Saturday, December 23, 2017

You lost me

I was in the middle of responding to a co-worker's question about my personal life. It had been a while since we talked and she was eager to hear about how things were going, particularly for my brother. 

I was telling her how well he was doing compared to the first of the year, when he was going under the knife to remove a section of bowel due to colon cancer. I have talked about the phenomenon of miracle after miracle that has happened before in this blog, so I won't repeat it all here. But the most recent miracle bears repeating - after his heart attack on October 25 and the stent operation he had (while conscious) on October 30, not only has his energy and endurance increased, but his kidney function has improved. 

Creatinine is one of the body's waste products that the kidneys are supposed to process, and a normal count in the bloodstream is a maximum of 113 μmol per liter (a μmol is a weight measure that is 1/1000 the size of that molecule, thank you Doctor Google... haha). The higher the number is, the less able the kidneys are to do their job. Earlier this year, my brother's numbers were close to 600 of these per liter (showing his kidneys were functioning at about 15% of normal). Now, they are at 225, or functioning at around 50%. 

His surgeon can't explain it. 

Of course believers know immediately what happened: God did it.

But as I was telling this lady about the numbers and saying that we knew what happened but the doctors wouldn't believe it - she was so interested and engaged and wanted to know what it was. So I told her it was "somebody bigger than you or I" - referring to God - and that's when I got "the look."

Her smile disappeared. Her eyes glazed over and she rolled them a bit (even though she tried not to.) Her whole attitude changed from interested and engaged to merely polite. She moved her body a bit farther from me.

In that moment, I knew that I'd lost her: I'd lost her interest and I'd lost her respect. I was "one of THOSE." Every negative experience she'd ever had with super-zealot church people - and I am willing to bet there was a lifetime of them - was behind that look. I've seen it before, and quite frankly, I've felt as she did before. It's not a good feeling to feel on either side of the fence.

Now, I get that some people are going to react that way. I get that. Some might argue that it was just "persecution" - but I beg to differ because persecution is what believers are experiencing overseas in anti-christian regimes - people literally losing their heads over it. But this lady's reaction - that almost gut-sick response - got me to thinking about the years of hurt (likely from judgment, shame and guilt coming from so-called Christians) that went into how she lost interest so quickly, and that makes me so very angry. Jesus' message is about love and acceptance, forgiveness and hope - and the people who had interacted with her had most likely given her nothing but the opposite. That kind of bigotry, all done in the name of God, really scorches my tail-feathers.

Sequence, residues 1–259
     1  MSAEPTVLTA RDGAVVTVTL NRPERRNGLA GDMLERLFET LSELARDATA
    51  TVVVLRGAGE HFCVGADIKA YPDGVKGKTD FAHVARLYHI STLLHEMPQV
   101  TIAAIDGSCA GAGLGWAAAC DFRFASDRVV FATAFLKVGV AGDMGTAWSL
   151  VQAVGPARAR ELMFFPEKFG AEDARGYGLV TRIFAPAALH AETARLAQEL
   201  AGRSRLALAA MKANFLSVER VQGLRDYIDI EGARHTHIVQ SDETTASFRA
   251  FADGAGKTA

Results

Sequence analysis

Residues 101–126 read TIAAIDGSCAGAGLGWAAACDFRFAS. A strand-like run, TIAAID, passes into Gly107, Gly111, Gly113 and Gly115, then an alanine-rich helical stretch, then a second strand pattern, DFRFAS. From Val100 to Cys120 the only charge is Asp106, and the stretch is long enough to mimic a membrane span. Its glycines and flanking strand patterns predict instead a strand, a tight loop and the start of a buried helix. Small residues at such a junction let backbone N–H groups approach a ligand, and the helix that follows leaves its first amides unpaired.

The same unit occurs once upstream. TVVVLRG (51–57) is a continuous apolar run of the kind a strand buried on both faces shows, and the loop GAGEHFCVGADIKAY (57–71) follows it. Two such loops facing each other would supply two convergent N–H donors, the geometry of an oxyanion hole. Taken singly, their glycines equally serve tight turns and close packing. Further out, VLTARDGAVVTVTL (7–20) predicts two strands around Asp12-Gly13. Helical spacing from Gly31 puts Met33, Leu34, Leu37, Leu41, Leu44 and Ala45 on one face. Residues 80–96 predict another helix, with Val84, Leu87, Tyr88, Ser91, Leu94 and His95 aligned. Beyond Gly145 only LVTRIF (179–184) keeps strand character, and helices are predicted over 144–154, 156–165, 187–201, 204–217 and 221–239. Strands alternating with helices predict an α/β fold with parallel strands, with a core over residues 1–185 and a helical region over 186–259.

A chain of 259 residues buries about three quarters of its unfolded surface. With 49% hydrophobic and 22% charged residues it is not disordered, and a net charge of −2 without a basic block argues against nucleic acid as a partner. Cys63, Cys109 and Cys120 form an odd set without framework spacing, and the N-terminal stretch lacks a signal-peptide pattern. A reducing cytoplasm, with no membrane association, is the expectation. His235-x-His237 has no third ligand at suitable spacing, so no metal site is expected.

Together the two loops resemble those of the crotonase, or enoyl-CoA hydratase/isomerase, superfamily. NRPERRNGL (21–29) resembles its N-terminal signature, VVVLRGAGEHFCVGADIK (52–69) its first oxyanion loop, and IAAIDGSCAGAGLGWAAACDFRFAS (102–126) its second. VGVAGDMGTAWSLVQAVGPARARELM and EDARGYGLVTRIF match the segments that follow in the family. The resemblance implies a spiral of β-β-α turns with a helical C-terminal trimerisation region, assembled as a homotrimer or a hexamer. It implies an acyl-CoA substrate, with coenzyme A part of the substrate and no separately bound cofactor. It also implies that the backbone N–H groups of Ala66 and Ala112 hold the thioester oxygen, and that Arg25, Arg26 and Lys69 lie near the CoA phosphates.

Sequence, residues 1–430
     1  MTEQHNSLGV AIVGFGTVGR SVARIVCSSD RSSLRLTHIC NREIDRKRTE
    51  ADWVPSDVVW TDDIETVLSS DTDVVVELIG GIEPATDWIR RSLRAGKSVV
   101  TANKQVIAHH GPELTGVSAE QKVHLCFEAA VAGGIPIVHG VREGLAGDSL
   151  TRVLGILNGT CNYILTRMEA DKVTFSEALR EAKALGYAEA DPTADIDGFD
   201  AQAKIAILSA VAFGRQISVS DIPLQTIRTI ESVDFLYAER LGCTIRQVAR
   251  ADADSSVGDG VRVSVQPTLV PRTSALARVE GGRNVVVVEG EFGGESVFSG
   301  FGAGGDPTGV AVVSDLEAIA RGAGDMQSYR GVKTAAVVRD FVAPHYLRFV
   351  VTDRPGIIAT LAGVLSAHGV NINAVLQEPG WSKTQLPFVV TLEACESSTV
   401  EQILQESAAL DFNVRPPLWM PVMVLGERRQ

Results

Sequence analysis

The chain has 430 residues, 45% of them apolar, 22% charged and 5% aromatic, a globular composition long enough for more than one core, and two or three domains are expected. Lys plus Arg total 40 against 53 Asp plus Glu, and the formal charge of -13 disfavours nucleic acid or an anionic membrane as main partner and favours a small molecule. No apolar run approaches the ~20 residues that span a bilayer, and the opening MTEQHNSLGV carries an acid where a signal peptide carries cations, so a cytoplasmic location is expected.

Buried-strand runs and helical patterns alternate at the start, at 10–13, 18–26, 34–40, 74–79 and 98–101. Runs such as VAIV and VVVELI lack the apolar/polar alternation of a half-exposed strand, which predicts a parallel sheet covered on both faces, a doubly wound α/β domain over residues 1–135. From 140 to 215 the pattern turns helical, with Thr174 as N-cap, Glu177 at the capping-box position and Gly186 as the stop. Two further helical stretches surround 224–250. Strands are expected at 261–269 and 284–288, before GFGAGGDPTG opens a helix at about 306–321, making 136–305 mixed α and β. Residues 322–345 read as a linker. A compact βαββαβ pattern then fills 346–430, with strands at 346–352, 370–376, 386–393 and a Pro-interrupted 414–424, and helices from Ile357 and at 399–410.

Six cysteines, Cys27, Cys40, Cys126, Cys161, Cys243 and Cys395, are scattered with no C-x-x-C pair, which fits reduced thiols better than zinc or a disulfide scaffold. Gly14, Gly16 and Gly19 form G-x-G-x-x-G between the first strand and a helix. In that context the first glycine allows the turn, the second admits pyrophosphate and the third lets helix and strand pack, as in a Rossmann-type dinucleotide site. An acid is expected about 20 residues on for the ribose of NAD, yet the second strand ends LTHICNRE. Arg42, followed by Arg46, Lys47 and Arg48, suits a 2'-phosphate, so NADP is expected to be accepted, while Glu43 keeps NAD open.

Photo, "Little Boy Covering His Face"
courtesy of David Castillo Dominici at
I've often thought about how the way believers talk actually excludes and shuns people who might otherwise flock to us. All those hallelujahs and amens ... the little turns of phrase we learn in the organized church ... they all seem to be part of the secret-handshake kind of we're-in-you're-out mentality. And the judgment!!  One wonderful man told me his story of how, as a child, a church leader asked him how he was. He replied, "Good." The man immediately said, "Oh no you're not. 'There is none good, no not one.' " And he quoted the Scripture reference to back it up. I know that that verse is in the Bible, but how he used it was as a weapon, not anything else. In that moment, because of his judgment and condemnation, he lost that little boy for the gospel. It took that child years to recover from that kind of rejection, which he consistently got from everybody in the church (how sad!!), and it took him several decades to be able to start to accept God's love for him - and that was only because God Himself took the initiative. And that is only one person. How many thousands are like him? How many struggle with rejection every day of their lives because they've been hurt by someone who claimed to represent God?

How many people - when we stand before the Almighty One - will say to us, "You lost me"? How many could we have shown love to, but we were too high and mighty to stop our holiness marches long enough to care for them? How many times were we too busy proving we were right, and jumping on every single cuss word or behavior we didn't agree with? Is that really necessary? (God's a big boy, He doesn't need our protection, and I am pretty sure His Spirit does a far better job than we can of convincing people that He's real...) 

I'm talking to me, too - I've done it! Intending to show we are different, to stand out in the crowd, we end up doing nothing but pushing people away by telling them what they SHOULD be doing, and condemning them for NOT doing it. Wow... How tragic is that!

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